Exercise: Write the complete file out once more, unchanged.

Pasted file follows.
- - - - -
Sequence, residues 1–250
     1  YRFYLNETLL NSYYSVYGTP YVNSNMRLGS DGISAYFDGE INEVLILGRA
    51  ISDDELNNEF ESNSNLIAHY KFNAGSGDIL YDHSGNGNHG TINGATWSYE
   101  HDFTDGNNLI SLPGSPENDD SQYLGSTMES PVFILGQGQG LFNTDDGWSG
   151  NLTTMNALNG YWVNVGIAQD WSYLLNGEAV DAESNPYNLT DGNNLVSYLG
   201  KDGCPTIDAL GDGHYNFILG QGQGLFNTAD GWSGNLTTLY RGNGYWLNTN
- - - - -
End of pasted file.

Sequence, residues 1–250
     1  YRFYLNETLL NSYYSVYGTP YVNSNMRLGS DGISAYFDGE INEVLILGRA
    51  ISDDELNNEF ESNSNLIAHY KFNAGSGDIL YDHSGNGNHG TINGATWSYE
   101  HDFTDGNNLI SLPGSPENDD SQYLGSTMES PVFILGQGQG LFNTDDGWSG
   151  NLTTMNALNG YWVNVGIAQD WSYLLNGEAV DAESNPYNLT DGNNLVSYLG
   201  KDGCPTIDAL GDGHYNFILG QGQGLFNTAD GWSGNLTTLY RGNGYWLNTN